Opening the book on National Library Week
Friends of the Library is on a quest to combat illiteracy, and this year’s National Library Week will center around that mission. Second-graders from across the county will have the opportunity to journey to the Lincoln County Library to get their very own library card.
“We’re just so excited about this perfect fit for friends to help the community to help the library,” FOL President Pam Womack said. “I see this as creating a generation of readers. Readers are better students and, more importantly, better citizens.”
Although the field trips will begin this week, the majority will make their way to the library during National Library Week, which runs through the second week of April.
“Last year, Friends of the Library decided to pursue a way to promote literacy in the community.” Womack said. “It didn’t work out, but we were still interested.”
At the January meeting, the Friends group discussed ideas to get children in the community to read. Christy Lee, a Mamie Martin PTA board member, and Pat Lowery, a Brookhaven School District board member, suggested FOL could help them get library cards.
“We decided that second grade was the best because they already know how to read, and they just need to be encouraged,” she said.
FOL presented the idea to Director Henry Ledet, Assistant Director Katrina Castilaw and Children’s Librarian Kasie Brown. They suggested the children get their library card beforehand by sending all the children home with the necessary form.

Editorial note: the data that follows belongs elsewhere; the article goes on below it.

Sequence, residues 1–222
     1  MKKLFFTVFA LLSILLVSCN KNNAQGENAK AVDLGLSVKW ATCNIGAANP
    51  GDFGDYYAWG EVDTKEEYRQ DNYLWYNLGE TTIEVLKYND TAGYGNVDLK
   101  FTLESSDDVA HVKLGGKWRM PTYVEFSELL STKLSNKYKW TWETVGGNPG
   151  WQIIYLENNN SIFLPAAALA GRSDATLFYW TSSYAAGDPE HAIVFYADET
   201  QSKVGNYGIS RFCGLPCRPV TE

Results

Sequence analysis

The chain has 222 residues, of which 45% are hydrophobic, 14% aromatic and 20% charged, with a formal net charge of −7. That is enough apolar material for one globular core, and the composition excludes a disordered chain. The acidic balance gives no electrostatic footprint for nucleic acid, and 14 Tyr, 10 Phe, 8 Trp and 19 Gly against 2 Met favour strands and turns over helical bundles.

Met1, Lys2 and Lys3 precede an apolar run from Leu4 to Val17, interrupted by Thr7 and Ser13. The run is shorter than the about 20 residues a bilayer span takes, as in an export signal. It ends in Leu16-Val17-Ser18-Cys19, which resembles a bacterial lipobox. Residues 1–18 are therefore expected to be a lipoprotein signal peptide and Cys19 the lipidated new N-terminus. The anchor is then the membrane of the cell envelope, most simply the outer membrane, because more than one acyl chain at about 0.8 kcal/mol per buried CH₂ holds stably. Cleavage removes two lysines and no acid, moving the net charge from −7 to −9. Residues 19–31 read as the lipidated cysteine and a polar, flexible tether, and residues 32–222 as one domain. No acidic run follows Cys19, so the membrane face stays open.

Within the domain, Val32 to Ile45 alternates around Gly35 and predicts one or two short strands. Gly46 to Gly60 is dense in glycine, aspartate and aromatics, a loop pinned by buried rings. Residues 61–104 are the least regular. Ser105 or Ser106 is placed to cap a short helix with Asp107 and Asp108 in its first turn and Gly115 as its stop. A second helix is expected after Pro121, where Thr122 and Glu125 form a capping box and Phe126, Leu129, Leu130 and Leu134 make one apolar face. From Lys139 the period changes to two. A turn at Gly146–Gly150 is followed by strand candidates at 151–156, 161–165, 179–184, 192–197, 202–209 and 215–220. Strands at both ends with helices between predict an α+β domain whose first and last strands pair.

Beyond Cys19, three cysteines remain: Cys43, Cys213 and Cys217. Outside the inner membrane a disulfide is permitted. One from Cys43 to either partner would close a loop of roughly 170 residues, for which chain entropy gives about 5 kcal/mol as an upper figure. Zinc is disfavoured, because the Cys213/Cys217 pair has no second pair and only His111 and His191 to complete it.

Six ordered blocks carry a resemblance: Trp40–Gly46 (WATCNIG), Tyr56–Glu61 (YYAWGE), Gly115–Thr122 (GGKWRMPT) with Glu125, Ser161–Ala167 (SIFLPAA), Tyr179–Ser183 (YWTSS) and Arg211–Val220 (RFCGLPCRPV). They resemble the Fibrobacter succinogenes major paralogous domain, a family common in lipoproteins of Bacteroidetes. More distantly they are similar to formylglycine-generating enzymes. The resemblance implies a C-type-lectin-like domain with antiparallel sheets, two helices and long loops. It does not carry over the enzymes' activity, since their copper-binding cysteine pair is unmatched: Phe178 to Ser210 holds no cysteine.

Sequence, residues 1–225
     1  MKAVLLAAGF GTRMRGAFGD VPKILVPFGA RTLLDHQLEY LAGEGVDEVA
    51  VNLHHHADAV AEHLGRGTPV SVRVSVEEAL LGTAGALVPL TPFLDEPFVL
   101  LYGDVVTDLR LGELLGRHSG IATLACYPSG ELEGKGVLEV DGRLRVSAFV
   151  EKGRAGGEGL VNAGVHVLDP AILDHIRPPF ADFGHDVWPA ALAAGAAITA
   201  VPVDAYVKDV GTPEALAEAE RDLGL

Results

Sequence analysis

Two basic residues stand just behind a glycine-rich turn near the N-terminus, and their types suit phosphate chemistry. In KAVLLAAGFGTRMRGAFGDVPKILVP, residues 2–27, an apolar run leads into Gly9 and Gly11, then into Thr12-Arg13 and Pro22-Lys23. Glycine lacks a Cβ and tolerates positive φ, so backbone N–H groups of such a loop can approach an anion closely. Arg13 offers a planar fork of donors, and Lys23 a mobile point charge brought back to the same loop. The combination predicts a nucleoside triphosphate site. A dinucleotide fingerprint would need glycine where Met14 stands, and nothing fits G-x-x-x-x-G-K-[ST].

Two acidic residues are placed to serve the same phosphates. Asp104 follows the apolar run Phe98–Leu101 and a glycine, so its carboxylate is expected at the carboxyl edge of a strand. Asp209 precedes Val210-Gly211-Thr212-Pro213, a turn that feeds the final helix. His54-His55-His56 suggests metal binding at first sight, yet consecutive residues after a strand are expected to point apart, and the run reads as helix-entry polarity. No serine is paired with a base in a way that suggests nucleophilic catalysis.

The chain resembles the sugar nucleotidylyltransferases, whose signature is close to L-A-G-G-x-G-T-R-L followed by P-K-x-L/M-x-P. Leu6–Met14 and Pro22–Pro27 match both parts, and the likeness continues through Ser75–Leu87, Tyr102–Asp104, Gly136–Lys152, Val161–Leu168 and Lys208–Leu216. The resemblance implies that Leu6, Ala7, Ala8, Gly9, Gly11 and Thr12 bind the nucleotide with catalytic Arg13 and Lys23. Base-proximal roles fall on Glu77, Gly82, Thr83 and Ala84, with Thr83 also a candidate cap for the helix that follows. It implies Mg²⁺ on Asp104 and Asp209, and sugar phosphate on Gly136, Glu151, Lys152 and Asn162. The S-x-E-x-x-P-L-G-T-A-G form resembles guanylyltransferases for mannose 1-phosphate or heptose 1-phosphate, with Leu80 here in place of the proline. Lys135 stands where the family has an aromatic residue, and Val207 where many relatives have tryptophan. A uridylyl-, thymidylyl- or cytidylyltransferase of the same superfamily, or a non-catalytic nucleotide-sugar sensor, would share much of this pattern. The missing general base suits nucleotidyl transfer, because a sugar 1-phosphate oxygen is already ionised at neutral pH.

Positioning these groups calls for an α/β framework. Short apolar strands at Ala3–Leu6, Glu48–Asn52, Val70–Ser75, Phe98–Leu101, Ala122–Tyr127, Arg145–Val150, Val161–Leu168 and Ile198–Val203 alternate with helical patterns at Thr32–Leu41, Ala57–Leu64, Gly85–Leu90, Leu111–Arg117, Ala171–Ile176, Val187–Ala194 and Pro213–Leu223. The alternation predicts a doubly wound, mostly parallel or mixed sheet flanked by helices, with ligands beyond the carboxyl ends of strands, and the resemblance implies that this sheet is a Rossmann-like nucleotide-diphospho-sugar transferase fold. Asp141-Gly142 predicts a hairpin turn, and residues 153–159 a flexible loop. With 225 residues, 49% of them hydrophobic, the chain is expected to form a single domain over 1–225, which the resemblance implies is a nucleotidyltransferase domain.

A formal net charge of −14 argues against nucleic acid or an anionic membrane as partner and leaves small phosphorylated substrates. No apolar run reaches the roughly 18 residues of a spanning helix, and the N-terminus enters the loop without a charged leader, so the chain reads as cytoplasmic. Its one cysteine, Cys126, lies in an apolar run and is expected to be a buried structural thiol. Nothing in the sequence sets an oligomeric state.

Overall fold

“We’re counting on the parents to fill out the forms to gain access to the library,” she said.
On the day of their field trip, students will come in to FOL members and library employees wearing Dr. Suess hats with a big banner reading “Welcome second graders.” A story will be read to them, and then FOL will serve as tour guides. Tours will end at the children’s section. They will also watch a movie in the Vernon Room about a boy and his library card.
The goal is to repeat this event every year for all second graders. Insurance Risk Managers has come on board as a sponsor and would like to help make the event an annual one.
Womack said she is so passionate about introducing young students to the library because the library has always been a major part of her life.
“Reading has given me worlds I never knew about,” she said. “We want to share the love of books, the love of reading and the love of the library with these children.”
To kick off National Library Week, FOL and Lincoln County Library are partnering with Ole Towne Church to bring Brookhaven-native Dickie Scruggs to speak about literacy. While in prison for bribing a judge post-Hurricane Katrina, Scruggs began helping fellow inmates complete the GED. As part of his second chance at life after his release, he developed 2nd Chance MS, a program that raises awareness and funds for adult education. On April 8, anyone in the area will be able to hear Scruggs speak about his organization.
Tickets are $10.
“We just want everyone to become a part of the library,” Womack said.
FOL is an volunteer organization that helps promote and support the library. With the library facing budget cuts of 35 percent, FOL has been able to help fill the gap by provide funds for new books and programs.
“Friends of the Library is a wonderful group,” she said. “We all love books. We all love the library. We love being able to give the library a check for a computer or for best-selling books.”
To become a member, dues are just $10 a year, and Womack encourages anyone and everyone to become a member.
“It’s challenging as we get more ways to help the community,” she said. “I’m just one of many who has this dream of helping the community in a big way through the library.
Special report by Julia Miller